One massive challenge that a studio must overcome when crafting a shared cinematic universe featuring installments directed by various filmmakers is finding continuity amongst each installment. One discrepancy that has presented itself is the depiction of Amazon warriors from Patty Jenkins' Wonder Woman to Zack Snyder's Justice League, with many posts on social media claiming Snyder is objectifying the female form.
In case you wonder: Here's a picture of how the Amazons looked in Wonder Woman...next to pic how they look in Justice League. First designed by Lindy Hemming, second by Michael Wilkinson.
Some steps backwards, methinks. pic.twitter.com/IVqeX7PBso— Atte Timonen (@Rosgakori) November 12, 2017
Many fans agreed with the assessment, while one of the actual actresses portraying an Amazon, Samantha Jo, shared a much different opinion and explained the rationale of Snyder in a lengthy Twitter post.
"I think it's important to remember that the fighting style of the Amazons is quite different than that of a Knight, a Samurai, a Kryptonian, etc. We've been able to see that the Amazonian fighting is a little more acrobatic and larger than life requiring armor that allows for that kind of articulation in the body," she pointed out. "I was overjoyed with the mobility I had and NEEDED to complete the moves asked of me."
Given Snyder's stylized interpretation of characters in his films, it's understandable how one could draw the conclusion of objectification when the costumes are compared side-by-side, but, based on Jo's comment, this clearly wasn't the case.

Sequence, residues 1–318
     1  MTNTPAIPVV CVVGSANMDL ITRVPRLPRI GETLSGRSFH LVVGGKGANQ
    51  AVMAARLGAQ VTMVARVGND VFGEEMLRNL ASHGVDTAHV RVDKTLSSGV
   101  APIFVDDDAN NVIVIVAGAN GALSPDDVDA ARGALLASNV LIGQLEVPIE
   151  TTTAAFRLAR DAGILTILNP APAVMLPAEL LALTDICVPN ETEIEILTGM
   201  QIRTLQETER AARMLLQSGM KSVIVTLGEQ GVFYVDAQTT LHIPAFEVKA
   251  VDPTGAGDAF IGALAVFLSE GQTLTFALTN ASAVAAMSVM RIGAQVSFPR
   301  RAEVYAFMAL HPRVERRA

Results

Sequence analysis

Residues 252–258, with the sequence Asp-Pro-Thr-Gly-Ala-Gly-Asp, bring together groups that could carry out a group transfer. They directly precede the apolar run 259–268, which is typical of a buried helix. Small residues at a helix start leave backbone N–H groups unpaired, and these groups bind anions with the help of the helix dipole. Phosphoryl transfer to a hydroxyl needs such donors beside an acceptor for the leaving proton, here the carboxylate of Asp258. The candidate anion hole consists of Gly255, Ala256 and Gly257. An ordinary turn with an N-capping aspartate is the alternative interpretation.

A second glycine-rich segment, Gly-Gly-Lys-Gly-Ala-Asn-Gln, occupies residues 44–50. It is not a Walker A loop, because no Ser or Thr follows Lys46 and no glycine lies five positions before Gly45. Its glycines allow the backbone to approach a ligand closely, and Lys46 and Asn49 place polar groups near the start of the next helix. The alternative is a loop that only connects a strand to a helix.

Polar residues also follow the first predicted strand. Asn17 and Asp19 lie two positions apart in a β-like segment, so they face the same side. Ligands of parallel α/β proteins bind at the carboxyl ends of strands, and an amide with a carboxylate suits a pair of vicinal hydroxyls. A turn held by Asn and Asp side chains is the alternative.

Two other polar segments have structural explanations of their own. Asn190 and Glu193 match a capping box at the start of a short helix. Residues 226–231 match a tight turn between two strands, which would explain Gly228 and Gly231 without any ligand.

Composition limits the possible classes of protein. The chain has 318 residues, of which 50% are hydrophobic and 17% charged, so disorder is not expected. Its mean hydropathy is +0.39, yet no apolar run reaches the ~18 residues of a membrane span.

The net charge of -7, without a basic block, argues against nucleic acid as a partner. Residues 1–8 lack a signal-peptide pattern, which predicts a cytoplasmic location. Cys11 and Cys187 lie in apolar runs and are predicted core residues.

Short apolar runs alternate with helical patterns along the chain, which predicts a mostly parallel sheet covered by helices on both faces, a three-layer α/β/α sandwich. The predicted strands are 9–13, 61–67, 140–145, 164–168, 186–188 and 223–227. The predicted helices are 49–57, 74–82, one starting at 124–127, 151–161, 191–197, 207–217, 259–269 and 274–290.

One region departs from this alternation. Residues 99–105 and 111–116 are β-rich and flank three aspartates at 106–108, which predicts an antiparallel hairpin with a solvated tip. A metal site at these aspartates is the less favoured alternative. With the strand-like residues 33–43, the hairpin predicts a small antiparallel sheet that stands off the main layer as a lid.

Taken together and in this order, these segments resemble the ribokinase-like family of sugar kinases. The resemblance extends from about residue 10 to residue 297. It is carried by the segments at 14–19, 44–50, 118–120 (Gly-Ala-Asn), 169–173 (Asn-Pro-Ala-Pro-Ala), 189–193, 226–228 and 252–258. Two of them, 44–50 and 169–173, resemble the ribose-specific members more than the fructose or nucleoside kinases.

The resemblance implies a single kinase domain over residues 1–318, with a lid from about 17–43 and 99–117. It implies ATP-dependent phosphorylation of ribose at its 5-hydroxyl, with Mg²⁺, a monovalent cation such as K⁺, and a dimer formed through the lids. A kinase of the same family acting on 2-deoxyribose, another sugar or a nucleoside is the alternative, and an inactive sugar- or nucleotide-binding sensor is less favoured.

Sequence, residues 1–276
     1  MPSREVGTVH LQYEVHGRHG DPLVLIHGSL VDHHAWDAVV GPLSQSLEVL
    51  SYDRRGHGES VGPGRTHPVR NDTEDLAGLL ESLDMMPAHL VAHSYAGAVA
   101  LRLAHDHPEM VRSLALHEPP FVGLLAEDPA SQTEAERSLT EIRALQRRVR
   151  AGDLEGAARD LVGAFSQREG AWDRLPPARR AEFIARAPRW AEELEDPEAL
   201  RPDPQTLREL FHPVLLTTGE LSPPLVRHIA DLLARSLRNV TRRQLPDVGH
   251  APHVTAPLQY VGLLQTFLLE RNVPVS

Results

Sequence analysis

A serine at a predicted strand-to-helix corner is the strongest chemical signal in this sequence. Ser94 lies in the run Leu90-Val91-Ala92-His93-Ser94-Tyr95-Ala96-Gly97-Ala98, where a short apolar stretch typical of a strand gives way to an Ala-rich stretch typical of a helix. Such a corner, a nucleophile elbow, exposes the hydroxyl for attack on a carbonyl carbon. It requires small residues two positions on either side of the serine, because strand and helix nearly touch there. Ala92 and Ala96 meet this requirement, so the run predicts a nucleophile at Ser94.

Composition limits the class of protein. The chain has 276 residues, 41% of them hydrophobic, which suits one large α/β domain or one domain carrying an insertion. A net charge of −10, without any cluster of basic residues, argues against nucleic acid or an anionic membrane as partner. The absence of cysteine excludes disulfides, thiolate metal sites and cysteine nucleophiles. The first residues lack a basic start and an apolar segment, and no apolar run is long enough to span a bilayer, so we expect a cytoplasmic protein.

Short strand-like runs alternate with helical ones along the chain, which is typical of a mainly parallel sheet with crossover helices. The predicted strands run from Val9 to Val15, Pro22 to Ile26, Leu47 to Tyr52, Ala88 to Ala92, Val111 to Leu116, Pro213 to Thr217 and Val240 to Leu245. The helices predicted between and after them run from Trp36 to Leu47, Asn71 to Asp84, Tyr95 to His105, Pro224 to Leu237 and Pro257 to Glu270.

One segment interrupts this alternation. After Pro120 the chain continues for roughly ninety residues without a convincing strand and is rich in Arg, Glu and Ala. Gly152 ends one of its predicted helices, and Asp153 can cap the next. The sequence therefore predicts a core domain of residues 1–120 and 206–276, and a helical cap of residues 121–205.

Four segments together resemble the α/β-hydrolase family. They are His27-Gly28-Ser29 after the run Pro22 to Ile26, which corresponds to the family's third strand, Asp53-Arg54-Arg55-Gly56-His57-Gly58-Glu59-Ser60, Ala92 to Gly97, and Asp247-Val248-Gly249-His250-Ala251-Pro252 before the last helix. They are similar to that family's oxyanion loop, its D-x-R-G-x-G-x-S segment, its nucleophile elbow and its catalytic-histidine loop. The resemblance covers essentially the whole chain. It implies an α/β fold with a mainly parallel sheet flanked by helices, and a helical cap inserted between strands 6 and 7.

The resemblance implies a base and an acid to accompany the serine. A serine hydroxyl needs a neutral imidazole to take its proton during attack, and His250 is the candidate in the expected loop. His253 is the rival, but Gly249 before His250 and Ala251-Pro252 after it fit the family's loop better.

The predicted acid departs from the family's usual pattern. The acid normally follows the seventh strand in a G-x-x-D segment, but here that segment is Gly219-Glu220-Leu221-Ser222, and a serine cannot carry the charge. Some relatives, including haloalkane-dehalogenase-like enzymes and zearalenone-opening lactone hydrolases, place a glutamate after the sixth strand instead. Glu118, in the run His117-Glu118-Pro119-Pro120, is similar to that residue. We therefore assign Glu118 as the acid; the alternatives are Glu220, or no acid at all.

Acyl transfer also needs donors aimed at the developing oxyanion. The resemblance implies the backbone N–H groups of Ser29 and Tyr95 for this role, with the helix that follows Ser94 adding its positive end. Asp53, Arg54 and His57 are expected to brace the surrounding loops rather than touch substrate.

It is and I agree :( This isn't a 140 character response, but for those interested- here are my thoughts. pic.twitter.com/h44CwS9R7x— Samantha Jo (@SamWJo) November 14, 2017
Jo isn't the only actress defending the costumes, as fellow Amazon Brooke Ence told USA Today that "the girls on set, we never thought of (the new costumes) as a sexy version. It felt a little more glamorous, if anything, because we had bigger, beautiful hair, which I loved."
Ence added, "I'm an athlete first, right? (Usually) I can't wear anything without someone commenting about my (muscular) body. So for me, it was actually really cool to be able to show it and not immediately feel masculine, but still very feminine."
"We are super-powerful women and maybe no one's getting that close," the actress inferred. "Maybe no one has a chance to get that close to hurt us."
Fans will see these ensembles in action when Justice League hits theaters on November 17.